(14) To relieve the poor.



A few of these poor souls, I recognized from my visits to the local pub in town. I did not judge them or deny them the tickets even though I knew that they had some money (at least some to buy drinks). One reason for my lack of judgment, was due to the fact that giving the monks food away, did not cost me anything. I wonder though, if the money had been coming out of my pocket, if I would have been as understanding.



Others came to the door looking for food of a different sort.



Thomas Merton in Bread in the Wilderness speaks of the psalms as God’s manna, given to feed the soul in the desert of life. The monk’s prayer, made up almost entirely of praying the psalms, provided that nourishment for many who had suffered loss or hurt from great struggles of faith.



All of us are poor. It is arrogant to think that I am somehow better than anyone else. If there is anything that I have hated throughout my life, it is those who look down on others. Sadly, it is also the part of myself that I hate the most—and the part that I know could ultimately condemn me if I do not let go of it.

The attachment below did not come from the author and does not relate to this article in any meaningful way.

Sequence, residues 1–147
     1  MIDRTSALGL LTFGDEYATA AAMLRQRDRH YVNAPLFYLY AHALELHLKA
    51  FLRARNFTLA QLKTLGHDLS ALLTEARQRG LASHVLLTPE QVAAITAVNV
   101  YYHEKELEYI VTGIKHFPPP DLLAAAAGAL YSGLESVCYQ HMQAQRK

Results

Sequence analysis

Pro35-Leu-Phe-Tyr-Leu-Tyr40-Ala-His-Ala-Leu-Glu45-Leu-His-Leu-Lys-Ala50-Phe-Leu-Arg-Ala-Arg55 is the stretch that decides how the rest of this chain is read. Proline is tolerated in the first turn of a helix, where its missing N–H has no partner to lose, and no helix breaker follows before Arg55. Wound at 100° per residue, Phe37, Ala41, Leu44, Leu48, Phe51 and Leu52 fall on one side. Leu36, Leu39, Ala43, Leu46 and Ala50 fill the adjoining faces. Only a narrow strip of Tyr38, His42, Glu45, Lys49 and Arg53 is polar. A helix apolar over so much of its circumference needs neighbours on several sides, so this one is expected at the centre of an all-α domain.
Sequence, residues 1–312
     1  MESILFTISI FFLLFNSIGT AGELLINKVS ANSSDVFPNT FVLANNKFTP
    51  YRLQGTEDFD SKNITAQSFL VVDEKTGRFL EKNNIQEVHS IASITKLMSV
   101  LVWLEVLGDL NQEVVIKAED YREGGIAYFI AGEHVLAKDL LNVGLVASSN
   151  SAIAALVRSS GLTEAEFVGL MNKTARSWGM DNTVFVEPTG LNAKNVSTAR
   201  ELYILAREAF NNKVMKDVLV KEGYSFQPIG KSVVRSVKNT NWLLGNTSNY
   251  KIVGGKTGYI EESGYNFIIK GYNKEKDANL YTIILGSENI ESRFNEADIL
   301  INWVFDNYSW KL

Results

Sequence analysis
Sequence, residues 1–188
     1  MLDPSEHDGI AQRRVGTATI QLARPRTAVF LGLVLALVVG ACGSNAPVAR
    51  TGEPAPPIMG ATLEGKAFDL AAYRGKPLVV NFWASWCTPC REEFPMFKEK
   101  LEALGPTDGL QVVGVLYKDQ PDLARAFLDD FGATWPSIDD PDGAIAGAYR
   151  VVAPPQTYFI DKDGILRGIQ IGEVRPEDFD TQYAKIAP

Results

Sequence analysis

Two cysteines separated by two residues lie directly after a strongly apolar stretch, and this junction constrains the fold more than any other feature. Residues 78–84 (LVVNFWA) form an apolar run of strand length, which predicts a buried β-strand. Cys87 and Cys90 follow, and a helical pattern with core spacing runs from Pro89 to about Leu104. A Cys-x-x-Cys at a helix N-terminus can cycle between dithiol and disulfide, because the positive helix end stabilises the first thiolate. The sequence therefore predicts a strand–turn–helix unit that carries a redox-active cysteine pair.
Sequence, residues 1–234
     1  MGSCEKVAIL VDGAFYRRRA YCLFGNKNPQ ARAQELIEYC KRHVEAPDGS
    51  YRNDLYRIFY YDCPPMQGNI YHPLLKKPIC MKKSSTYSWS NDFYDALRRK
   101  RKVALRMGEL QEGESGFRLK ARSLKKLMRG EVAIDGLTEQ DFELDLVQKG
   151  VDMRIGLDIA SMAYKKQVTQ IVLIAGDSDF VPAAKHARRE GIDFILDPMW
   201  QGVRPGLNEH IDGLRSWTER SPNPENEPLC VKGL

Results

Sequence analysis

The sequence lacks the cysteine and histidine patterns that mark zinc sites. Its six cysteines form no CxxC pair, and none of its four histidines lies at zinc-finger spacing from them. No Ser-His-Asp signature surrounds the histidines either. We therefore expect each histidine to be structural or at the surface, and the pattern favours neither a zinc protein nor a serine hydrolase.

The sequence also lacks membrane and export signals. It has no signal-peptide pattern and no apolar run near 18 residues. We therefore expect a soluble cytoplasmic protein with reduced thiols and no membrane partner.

Saint Benedict did not leave counsel to “help” the poor, even though we could interpret this counsel as concretely doing this. He told them to breathe life into them.



I could feed the poor with food, but if I made them feel like I was doing them a great service, I could leave them with their bellies full but still feeling very poor. If on the other hand, I fed them in the way I might some friend who I hoped to impress and win favor from, how might that leave them?



The famous, the wealthy and those in power often find that doors are opened for them and everything provided for them, although they usually have done nothing to deserve it. We may not have a “royal” family in this land of ours, but some are treated that way nonetheless. Why should some be treated that way and while others are neglected?